Before campers from Childsplay’s “Twelfth Night” summer class began last Friday’s performance for family and friends, teachers Katie McFadzen and Debra K. Stevens had them share a bit about the what they’d learned during the week together.
“I learned not to laugh at my sister,” shared a girl whose twin sister took the same class. The audience laughed, and one of the teachers asked how she did it. The girl explained that she simply acted as if the action taking place during their scene was really happening to them.
A boy noted that theater games played early in the week helped to lessen the “tongue-twister” effect of using Shakespearean language, and another camper talked about the poetic nature of Shakespeare’s plays — saying it was easier to recall her lines when she remembered that most of them rhymed.
Another boy explained what he’d learned about character development — explaining that changing how he walked and talked during his scenes helped him to be the character instead of merely act like his character.
A young girl talked about learning about the characters’ names. There’s “Viola,” the name of a musical instrument. And “Orsinio,” who delivers the now-famous “If music be the food of love, play on” line. His name, explained the camper, means “bear.”
One of the campers was excited about being able to enter middle school and high school with more knowledge of Shakespeare than other students. And all of the students did an amazing job of telling the “Twelfth Night” story with outrageous humor that really brought the play to life.
It made me want to see more performances of Shakespeare’s works, so I was delighted to come home to an e-mail announcing that NCM Fathom, Globe Theatre and Arts Alliance Media are presenting a four-part series of classical Shakespeare works (captured during 2010) in movie theaters this summer and fall.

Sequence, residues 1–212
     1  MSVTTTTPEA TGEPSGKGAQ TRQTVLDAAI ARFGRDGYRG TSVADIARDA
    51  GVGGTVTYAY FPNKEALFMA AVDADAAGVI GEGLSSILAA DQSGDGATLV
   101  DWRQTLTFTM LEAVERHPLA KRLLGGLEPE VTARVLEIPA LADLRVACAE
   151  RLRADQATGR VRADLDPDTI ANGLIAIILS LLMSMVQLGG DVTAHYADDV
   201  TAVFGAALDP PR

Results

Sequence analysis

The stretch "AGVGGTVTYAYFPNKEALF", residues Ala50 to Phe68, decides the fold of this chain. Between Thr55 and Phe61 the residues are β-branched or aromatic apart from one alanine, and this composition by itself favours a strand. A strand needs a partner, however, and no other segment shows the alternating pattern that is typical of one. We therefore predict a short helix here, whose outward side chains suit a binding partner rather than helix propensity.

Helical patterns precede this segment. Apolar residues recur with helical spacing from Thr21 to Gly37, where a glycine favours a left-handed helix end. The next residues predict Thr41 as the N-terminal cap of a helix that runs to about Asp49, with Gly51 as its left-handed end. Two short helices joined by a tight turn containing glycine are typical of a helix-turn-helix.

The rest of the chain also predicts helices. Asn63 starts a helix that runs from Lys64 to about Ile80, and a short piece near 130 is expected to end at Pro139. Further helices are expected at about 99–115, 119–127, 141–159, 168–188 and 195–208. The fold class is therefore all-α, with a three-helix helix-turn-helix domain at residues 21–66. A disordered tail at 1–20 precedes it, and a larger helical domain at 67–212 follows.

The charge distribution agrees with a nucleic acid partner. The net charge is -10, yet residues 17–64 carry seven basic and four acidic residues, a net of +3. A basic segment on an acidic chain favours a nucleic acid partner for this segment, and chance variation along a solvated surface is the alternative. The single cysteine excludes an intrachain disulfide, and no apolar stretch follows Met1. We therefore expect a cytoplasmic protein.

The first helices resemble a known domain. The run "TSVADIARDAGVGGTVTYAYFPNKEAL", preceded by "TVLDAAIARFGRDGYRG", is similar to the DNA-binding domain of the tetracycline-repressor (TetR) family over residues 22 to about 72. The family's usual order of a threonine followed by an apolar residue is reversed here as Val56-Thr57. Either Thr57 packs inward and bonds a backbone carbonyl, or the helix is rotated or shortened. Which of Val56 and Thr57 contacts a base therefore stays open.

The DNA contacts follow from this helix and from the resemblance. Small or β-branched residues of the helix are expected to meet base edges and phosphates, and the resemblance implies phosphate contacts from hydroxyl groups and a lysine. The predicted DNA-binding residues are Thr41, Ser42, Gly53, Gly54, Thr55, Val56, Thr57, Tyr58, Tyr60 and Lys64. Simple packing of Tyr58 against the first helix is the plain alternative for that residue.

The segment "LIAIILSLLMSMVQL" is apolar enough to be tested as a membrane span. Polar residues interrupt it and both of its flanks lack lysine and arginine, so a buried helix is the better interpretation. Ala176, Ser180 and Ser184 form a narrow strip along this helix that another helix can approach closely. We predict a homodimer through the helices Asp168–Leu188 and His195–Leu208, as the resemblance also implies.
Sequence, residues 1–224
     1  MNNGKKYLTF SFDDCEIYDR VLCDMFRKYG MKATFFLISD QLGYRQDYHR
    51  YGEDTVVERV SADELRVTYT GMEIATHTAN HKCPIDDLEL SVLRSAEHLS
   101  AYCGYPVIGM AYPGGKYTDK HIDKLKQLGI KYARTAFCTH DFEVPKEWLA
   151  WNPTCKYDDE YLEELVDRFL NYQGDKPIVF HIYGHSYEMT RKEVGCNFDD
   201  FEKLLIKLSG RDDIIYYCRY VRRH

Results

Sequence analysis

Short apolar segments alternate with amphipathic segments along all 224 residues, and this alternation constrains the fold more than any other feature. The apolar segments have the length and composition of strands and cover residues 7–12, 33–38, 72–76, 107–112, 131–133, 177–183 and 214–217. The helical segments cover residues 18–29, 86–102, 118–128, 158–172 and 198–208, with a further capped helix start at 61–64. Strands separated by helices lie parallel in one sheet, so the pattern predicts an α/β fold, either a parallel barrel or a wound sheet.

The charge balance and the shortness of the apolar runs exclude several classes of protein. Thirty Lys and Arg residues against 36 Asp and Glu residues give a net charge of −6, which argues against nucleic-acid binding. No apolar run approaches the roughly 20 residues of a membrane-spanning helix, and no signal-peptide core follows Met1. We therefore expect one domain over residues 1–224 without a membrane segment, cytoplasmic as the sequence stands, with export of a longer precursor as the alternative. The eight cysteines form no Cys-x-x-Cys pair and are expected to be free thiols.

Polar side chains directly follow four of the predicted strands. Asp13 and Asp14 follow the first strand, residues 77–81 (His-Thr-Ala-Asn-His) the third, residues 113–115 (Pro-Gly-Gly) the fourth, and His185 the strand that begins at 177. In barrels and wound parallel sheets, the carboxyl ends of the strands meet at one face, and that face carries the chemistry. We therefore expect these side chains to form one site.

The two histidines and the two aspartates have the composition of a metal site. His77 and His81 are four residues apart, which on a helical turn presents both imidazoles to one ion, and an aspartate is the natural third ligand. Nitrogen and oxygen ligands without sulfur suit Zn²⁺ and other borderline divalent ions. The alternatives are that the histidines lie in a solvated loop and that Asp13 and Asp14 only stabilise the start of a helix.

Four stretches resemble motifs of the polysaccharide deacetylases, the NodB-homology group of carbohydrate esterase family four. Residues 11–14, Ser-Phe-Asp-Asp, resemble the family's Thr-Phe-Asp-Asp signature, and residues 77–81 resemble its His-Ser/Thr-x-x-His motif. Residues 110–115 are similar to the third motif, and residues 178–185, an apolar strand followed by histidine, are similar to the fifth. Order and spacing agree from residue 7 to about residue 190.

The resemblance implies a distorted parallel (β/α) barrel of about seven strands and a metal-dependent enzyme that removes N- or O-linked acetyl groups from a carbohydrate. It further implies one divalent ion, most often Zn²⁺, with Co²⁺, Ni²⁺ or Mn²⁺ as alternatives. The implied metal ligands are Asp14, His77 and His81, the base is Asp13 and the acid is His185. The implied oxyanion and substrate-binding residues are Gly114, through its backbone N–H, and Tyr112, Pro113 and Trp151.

Event organizers note that “each performance will include a historical perspective on the Globe, the reconstruction process, the work of the Globe today, and a behind-the-scenes look at each production with interviews from the actors and creative team involved.”
“Shakespeare’s Globe London Cinema Series” starts Mon, June 27, with “The Merry Wives of Windsor.” Come August and September, movie-goers can enjoy “Henry IV Part 1,” “Henry IV Part 2,” and “Henry VIII.”
Those of you eager to enjoy a bit of Shakespeare in cooler parts this summer have a couple of options. A family at the Childsplay “Twelfth Night” performance told me about the Shakespeare Santa Cruz festival, where you can blend your Shakespeare with a bit of time at the beach.
I’m heading with Lizabeth later this summer to the Utah Shakespeare Festival in Cedar City, Utah — where we enjoy the cool pines and small town ambiance. We’ll be attending six shows in three days, and taking in our favorite local sights, like the the Groovacious record shop, which always reminds me of our own Hoodlums Music & Movies here in Tempe.
I’m eager to enjoy a related art exhibit while we’re there. The Braithwaite Fine Arts Gallery on the campus of Southern Utah University currently houses both the “Southern Utah Art Invitational Summer Exhibit and Sale” and “The Costume Designers’ Art: 50 Years at the Utah Shakespeare Festival.” Admission is free and summer gallery hours are Mon-Sat 10am-8pm.
I’ve long dreamed of a similar exhibit of Childsplay costumes. But for now, I’m plenty content to just see the smiles on happy campers’ faces as they work their Shakespeare magic donning shorts and T-shirts with homemade costume touches like veils and liturgical garb.
Note: Images in this post are from “Kids Love Shakespeare!” — a website offering scripts for student productions, ideas for Shakespeare-inspired art activities and more. Click here to learn more.
Coming up: NYC in Scottsdale?, Nifty photo opps